We left Memphis on Monday, bound for our next stop which was a little further off the beaten track than most of the places we had so far visited. I had asked a question on the Trip Advisor Road Trips forum on whether people had any suggestions on where I should stop on a musical tour. In addition to all of the usual responses, someone suggested Mountain View, Arkansas. This is a small town in the Ozarks, home to the Ozark Folk Center and, according to my Trip Advisor correspondent, a hub for Bluegrass and Old Time jamming. I decided to include it on the trip on that basis.
We drove out of Memphis, crossing the Mississippi river as we went. We couldn’t help but notice that the river had encroached on flood plains, as had most of the rivers we crossed on our journey westward. The high rainfall had been taking its toll.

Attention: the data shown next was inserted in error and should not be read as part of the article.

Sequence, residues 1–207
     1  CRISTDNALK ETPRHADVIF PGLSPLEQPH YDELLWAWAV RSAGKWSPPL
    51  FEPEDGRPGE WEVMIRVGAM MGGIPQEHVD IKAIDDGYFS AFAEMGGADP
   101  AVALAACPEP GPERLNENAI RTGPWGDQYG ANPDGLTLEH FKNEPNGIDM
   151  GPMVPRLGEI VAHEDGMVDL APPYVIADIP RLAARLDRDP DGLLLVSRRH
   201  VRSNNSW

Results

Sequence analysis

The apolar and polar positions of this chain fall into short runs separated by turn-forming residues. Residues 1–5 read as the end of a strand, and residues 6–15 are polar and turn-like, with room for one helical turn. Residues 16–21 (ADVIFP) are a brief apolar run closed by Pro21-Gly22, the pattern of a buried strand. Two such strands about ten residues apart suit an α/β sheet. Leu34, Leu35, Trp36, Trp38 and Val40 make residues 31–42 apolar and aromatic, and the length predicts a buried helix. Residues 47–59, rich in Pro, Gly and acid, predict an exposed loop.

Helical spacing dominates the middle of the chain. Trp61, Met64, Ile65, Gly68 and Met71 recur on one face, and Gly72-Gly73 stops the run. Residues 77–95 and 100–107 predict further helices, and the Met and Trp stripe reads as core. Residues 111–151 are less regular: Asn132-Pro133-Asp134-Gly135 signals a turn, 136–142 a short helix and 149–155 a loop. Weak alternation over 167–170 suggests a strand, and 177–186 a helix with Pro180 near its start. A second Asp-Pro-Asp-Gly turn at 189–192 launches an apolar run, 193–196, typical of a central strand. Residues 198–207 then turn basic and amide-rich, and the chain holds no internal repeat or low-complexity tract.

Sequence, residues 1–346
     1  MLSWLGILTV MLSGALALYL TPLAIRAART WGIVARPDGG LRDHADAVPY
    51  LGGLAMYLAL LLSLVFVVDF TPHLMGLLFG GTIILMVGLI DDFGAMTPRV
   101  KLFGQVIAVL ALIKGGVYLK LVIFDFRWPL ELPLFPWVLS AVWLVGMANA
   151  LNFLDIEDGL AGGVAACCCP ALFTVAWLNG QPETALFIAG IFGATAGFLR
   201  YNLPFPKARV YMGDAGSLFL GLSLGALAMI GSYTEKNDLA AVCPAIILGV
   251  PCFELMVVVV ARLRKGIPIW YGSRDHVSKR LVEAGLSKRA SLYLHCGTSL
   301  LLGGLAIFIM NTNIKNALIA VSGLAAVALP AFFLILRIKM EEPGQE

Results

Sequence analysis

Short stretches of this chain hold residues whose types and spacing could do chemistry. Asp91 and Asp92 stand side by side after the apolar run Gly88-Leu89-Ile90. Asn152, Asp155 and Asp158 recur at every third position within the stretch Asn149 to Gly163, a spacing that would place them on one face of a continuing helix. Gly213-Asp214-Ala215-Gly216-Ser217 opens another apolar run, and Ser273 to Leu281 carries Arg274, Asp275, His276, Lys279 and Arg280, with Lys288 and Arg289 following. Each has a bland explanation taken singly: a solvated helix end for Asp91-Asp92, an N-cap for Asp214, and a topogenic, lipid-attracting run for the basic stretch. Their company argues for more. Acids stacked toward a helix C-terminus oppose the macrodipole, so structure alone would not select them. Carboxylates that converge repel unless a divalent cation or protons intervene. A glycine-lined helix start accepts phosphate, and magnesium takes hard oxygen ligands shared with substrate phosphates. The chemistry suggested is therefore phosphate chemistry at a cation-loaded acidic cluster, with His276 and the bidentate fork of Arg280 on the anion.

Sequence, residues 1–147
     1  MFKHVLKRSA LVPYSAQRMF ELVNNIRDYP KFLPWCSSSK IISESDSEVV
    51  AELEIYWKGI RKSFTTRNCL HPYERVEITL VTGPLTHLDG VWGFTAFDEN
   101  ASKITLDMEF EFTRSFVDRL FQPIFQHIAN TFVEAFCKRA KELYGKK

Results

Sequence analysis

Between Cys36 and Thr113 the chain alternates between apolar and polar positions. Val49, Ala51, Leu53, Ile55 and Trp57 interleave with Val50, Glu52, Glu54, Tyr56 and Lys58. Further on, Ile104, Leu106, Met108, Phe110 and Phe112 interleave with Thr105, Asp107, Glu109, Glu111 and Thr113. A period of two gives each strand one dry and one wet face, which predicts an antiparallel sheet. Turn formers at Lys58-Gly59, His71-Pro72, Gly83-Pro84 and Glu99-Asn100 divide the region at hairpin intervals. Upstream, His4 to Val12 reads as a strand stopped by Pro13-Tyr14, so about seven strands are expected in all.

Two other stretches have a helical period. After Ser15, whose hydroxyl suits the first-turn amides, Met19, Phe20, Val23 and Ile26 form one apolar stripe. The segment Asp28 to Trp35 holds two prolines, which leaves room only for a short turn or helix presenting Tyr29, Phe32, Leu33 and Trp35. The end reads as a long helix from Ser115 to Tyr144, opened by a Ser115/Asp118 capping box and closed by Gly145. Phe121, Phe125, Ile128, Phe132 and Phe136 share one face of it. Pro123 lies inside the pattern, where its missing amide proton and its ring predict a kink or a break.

Our journey to Mountain View was largely uneventful, although we continue to see armadillo roadkill at regular intervals. Apparently, the native US armadillo reacts to surprise by leaping into the air, thus colliding with vehicles that might otherwise have avoided it.
We were booked to stay at the Inn at Mountain View which neighbours a small park, officially designated the Washington Street Park but known locally as the Pickin’ Park.
As we rolled into town, we could see why. We arrived at about 2:00pm, and there was a group of four musicians jamming together at one of the three gazebos in the park. It looks like they weren’t kidding about the jamming being a constant here. We checked in to our room and took a stroll around to see the town. We walked all the way along Main Street and back, which didn’t take long. This is a town of fewer than 3,000 people but, as we were to learn over our short stay, it punches well above its weight in musical terms.
We stopped at the Pickin’ Park to listen to the people playing there. This particular group were playing more of a country/gospel repertoire than we usually choose to listen to, but the standard of musicianship was impressively high. We were going to have to seriously consider whether we wanted to join any of the jams here.